(I’m not sure what happened, but my original post apparently had some difficulties and was truncated. Here is what you should have seen.)
In my last post, I mentioned the financial difficulties my denomination is facing–but also my hope for the future.
Since that news came out, I’ve watched with interest the various comments.
For many, it’s still a sense of shock. I understand that. It had seemed that we were maybe through the worst of the financial situations we’ve been dealing with the last few years. Donations seemed to be going up–so why this seemingly sudden “disaster”?
Others are struggling with their reactions toward leadership. I understand that as well. If the situation is as dire as it seems to be, how could our leaders not have seen it coming?
Still others are dealing with personal fears. Their jobs are on the line, and there’s no guarantee that they will have employment after the end of March. Boy, do I understand that! And it’s even more than just not having a job. It’s wondering if you somehow misunderstood your sense of “calling” to be working in your faith tradition…and asking God, “If this is where you were calling me to be, then what’s going on?!?”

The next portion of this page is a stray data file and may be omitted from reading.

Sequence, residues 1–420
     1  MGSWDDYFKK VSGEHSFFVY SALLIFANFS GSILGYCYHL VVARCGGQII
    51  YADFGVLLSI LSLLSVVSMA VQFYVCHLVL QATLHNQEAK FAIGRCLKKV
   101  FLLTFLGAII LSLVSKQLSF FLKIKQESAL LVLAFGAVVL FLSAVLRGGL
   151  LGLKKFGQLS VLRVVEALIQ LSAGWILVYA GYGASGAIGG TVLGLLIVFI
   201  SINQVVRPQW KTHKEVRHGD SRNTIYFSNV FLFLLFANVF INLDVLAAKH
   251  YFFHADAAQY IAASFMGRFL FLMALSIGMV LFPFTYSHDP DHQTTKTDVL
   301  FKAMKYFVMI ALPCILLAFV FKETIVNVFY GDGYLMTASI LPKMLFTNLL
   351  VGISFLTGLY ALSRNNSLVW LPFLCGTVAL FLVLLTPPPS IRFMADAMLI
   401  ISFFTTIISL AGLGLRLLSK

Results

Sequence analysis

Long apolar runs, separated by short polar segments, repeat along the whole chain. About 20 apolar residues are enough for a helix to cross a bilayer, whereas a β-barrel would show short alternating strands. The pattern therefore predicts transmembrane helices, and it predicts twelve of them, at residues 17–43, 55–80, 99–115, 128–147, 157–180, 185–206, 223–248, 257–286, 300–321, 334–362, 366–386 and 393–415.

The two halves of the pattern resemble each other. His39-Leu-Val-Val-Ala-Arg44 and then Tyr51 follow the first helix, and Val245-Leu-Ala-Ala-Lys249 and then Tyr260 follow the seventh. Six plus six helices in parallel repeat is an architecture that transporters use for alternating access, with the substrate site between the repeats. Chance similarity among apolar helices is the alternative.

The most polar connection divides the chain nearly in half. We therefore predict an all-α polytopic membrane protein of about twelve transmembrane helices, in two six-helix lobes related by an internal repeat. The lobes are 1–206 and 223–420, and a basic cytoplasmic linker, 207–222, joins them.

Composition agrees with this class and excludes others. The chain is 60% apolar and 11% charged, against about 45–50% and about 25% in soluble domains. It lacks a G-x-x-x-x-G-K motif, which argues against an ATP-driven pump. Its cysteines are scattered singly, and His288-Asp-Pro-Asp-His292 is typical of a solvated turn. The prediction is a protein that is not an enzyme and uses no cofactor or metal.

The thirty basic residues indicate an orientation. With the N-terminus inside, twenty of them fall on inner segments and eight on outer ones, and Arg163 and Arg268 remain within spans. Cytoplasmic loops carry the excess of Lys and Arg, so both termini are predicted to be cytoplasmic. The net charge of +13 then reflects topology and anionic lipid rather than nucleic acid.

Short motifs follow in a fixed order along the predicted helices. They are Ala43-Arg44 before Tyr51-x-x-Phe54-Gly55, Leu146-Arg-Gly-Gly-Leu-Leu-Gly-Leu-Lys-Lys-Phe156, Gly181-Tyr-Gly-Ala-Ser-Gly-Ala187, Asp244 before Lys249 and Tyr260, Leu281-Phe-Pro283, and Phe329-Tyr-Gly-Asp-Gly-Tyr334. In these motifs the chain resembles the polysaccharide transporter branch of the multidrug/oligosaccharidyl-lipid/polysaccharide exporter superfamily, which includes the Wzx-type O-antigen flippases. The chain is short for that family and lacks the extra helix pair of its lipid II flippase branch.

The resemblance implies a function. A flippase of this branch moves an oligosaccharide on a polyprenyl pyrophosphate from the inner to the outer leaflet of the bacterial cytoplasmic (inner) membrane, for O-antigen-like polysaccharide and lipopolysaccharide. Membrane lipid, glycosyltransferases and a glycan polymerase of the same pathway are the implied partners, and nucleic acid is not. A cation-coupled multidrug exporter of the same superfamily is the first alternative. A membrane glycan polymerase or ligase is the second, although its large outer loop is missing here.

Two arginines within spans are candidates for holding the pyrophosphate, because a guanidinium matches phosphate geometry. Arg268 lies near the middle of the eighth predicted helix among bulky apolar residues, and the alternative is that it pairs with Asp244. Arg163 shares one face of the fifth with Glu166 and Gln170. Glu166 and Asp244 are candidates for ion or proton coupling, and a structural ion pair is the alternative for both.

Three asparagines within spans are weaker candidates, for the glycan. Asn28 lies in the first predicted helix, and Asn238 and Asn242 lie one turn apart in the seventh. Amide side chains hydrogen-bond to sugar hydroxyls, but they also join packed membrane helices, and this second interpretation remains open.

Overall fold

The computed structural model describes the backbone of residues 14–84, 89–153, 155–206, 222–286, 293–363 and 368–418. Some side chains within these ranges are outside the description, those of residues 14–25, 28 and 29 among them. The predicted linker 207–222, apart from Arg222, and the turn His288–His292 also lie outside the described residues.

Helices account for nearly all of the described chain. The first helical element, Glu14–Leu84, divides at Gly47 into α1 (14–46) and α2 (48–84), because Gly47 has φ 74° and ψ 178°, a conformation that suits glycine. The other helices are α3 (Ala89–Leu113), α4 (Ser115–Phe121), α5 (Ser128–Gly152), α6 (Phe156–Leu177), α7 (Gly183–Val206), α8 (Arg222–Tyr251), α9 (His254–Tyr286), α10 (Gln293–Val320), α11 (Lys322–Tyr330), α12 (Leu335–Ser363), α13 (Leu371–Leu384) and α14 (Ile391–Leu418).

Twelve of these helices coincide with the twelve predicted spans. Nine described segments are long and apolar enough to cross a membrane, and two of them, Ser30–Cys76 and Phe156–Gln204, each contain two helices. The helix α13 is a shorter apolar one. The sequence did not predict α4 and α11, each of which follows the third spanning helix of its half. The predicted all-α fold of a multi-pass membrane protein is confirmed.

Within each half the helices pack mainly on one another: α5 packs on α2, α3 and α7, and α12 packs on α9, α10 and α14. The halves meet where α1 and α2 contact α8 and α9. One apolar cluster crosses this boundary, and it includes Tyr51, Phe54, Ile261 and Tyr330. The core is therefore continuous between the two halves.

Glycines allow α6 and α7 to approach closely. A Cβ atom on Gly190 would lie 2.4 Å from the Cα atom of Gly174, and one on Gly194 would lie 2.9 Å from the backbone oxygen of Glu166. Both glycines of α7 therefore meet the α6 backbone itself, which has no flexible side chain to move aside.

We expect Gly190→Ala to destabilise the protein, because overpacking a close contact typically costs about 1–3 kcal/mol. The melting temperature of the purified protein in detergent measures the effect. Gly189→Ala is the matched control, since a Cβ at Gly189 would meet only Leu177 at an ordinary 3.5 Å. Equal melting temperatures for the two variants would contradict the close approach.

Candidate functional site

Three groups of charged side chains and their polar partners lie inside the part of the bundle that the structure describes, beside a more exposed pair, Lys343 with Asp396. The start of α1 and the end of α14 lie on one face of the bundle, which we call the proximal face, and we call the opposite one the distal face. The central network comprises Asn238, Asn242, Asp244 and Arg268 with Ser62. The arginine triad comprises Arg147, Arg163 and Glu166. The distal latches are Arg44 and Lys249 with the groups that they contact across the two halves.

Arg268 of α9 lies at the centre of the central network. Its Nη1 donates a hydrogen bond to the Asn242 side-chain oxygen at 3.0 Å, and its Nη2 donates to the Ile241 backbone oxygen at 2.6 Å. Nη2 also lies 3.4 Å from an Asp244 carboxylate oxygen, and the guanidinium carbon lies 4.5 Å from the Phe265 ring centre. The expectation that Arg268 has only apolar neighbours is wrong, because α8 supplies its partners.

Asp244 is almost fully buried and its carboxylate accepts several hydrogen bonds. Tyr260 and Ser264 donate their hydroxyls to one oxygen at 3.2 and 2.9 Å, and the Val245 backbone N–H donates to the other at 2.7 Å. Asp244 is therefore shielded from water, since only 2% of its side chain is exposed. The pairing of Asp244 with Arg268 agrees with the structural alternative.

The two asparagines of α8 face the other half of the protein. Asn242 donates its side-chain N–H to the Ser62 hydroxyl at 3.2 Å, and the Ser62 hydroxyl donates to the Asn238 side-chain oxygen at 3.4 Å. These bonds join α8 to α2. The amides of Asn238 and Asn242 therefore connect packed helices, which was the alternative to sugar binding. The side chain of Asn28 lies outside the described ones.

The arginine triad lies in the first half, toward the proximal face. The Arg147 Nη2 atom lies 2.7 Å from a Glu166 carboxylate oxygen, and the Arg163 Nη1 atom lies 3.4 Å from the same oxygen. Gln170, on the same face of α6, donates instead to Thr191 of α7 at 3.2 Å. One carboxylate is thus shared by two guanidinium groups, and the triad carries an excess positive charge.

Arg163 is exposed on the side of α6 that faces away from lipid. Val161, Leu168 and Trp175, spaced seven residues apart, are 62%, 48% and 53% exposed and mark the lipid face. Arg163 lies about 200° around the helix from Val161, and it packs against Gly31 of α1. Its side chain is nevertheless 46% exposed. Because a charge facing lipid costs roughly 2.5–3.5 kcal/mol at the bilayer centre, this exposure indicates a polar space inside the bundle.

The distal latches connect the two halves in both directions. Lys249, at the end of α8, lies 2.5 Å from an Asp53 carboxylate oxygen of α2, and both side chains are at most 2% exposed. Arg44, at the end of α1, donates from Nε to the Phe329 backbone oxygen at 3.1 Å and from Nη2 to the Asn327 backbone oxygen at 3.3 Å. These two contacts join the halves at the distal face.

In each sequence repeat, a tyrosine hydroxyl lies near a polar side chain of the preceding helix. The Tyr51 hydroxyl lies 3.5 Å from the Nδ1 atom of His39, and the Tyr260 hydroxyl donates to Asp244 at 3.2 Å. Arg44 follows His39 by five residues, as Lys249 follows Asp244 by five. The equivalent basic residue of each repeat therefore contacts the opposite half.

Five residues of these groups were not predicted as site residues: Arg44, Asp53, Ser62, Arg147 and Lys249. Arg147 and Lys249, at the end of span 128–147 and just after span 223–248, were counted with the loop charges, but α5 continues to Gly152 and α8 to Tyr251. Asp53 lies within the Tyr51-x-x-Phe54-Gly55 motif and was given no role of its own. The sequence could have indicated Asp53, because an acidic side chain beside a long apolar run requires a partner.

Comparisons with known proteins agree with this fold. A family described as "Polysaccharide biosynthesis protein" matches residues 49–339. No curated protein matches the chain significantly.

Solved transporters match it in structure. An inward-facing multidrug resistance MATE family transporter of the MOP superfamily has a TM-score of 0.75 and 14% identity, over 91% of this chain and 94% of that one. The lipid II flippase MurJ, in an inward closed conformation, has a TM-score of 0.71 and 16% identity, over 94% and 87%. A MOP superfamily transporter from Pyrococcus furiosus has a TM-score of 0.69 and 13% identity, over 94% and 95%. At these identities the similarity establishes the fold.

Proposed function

The comments from others wonder if the church will survive. Is religion passé? Or…perhaps…is it just my faith tradition that is dying?
And yet…and this is what gives me hope…others–who still are concerned/upset/even somewhat angry–still see new possibilities. They see this is a chance to really think about who we are…what we are called to be doing…and to reconsider, on both personal and corporate levels, our priorities.
There are still going to be dark times ahead, but I don’t think it’s the end of the world…or the end of my denomination. It may be the end of doing and being church as we have for the past 150 years…but as we get through the shock and anger, I think God is not finished with us yet–and if we are willing to listen, I think there are new opportunities for us.
So what can I do?
I can listen to those who are hurting. I can support them in prayer.
I can look at my own financial priorities and determine how I can change them to be more responsive to what I say I believe in.
I can be willing to look for new opportunities…to not think that the future has to look just like the past.
“If you want to fly on the sky, you need to leave the earth. If you want to move forward, you need to let go the past that drags you down.”
― Amit Ray,
“Never be afraid to trust an unknown future to a known God.”
― Corrie ten Boom
“The future depends on what you do today.”
― Mahatma Gandhi